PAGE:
Words by Helen Knott
On Friday 25th November, the inaugural Birmingham Film Festival (BFF) opens at The Mockingbird Cinema & Kitchen. Events run across the weekend, including screenings, seminars, panel discussions and a special Gala Awards Ceremony at the Park Regis Hotel to close the show.
Film screenings will be shown in ‘blocks’ across the weekend – featuring up to 10 short films, or one feature film, in each block. Admission to each block is priced at £5.00, with Day tickets also available for £20 and a weekend pass priced at £50. For direct festival info, including full programme and online ticket sales, click here.
Historically Birmingham’s relationship with film and TV was largely defined by shows made at Central Studios on Gas Street and at Pebble Mill in Edgbaston: Crossroads, Doctors, Tiswas, Bullseye…
How things are changing. Earlier this year, Steven Spielberg was spotted shooting scenes from his new movie, Ready Player One, in the Jewellery Quarter and Digbeth, joining a growing number of film and TV production companies shooting work in the city (other recent examples include The Girl With All the Gifts, Hustle and Kingsman: The Golden Circle).
The BBC’s perceived lack of investment in the region continues to ruffle feathers, but it seems that organisations such as Film Birmingham are doing a sterling job of attracting production companies to the city. It’s a fitting time, therefore, for the launch of Birmingham Film Festival – a new festival dedicated to giving local filmmakers an opportunity to showcase their work alongside international contemporaries.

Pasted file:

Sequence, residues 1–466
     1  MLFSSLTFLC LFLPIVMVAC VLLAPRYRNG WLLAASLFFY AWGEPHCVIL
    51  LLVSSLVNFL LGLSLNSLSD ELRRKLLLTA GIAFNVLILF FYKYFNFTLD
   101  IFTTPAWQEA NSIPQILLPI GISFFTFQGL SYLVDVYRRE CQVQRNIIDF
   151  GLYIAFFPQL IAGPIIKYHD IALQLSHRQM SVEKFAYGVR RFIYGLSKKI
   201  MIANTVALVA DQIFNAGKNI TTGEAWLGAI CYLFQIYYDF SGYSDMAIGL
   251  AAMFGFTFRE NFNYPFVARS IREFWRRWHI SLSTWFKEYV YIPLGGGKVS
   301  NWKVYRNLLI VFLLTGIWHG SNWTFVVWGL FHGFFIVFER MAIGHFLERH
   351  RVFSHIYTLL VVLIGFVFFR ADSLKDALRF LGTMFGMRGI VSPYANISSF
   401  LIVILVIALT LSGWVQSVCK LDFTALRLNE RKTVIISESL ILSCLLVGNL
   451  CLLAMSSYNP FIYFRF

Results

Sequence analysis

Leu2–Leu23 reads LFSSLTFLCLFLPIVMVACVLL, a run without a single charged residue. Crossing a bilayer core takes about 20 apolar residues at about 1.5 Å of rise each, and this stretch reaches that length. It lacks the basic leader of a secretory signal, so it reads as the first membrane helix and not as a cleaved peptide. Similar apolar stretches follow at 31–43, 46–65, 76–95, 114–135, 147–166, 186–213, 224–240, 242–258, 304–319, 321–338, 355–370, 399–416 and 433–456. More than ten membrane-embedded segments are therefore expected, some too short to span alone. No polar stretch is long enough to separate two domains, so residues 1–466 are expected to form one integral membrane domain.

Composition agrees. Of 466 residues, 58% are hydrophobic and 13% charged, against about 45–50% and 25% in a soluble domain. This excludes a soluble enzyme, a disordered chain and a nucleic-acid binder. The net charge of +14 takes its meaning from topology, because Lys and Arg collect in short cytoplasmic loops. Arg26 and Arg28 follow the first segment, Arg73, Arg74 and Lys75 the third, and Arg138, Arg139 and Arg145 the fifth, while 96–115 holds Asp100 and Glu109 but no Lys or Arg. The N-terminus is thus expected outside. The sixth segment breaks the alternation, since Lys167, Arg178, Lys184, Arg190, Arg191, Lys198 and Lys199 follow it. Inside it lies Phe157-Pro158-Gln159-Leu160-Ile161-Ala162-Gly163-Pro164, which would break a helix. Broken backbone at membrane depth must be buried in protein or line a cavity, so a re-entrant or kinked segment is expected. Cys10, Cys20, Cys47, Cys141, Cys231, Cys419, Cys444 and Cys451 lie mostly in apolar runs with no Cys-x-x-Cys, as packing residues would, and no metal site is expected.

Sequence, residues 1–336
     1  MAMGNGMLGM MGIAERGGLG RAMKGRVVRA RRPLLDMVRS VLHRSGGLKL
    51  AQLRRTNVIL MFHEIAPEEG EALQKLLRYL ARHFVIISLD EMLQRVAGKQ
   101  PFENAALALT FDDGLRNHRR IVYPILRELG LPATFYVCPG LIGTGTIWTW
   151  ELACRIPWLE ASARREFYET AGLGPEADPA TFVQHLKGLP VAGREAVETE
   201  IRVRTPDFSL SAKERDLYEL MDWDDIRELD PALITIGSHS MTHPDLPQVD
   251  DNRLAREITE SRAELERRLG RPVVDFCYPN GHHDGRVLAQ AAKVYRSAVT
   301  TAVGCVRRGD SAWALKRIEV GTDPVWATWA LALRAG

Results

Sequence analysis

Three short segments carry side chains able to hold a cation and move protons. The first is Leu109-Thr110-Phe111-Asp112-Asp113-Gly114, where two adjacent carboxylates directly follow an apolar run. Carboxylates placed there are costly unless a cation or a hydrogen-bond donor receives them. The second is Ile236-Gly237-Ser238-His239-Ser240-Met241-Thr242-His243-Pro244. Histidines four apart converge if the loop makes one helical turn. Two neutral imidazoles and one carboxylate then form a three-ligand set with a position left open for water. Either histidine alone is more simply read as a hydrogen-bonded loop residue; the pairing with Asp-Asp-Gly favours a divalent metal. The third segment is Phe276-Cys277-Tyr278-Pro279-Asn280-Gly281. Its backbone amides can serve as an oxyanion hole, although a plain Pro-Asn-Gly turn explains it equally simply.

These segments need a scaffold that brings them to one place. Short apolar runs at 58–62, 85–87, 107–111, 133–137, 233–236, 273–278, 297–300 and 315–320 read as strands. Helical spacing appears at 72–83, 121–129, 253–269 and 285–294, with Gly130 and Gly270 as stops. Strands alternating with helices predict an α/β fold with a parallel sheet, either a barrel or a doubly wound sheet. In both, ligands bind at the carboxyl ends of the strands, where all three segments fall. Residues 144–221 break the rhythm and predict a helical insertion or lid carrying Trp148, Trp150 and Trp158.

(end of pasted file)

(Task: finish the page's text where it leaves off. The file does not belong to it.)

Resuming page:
But BFF is also a resurrection of sorts, filling the void left by the annual Birmingham International Film and Television Festival which ran from 1985-2002. Of course, Birmingham still has some brilliant film festivals, such as Flatpack, Shock & Gore, Behind the Curtain, Black International Film Festival, and it seems that BFF aims to work alongside these existing events, creating more opportunities to nurture local talent.
BFF has reportedly attracted features, shorts and documentaries of all genres from over 20 countries. Screenings take place at The Mockingbird Cinema and Kitchen in The Custard Factory and are open for anyone to attend, though details on the actual films on show are rather sparse at the moment (the BFF’s Twitter and Facebook profiles appear to be the best sources of information). The BFF film programme is accompanied by seminars, Q&As and an awards gala.
But having Oscar-nominated screenwriter, creator of Peaky Blinders, and all around top Brummie Steven Knight as patron is a clear signal of the festival’s ambition. Knight has grand plans to open large new studios in Birmingham; hopefully as Birmingham’s TV and film industry continues to grow in stature, BFF will develop alongside it.
Birmingham Film Festival runs at The Mockingbird Cinema and Kitchen from 25th to 27th November. For more on the Birmingham Film Festival, including a full festival programme and online tickets sales, visit www.birminghamfilmfestival.com
For more from The Mockingbird Cinema and Kitchen, visit www.mockingbirdcinema.com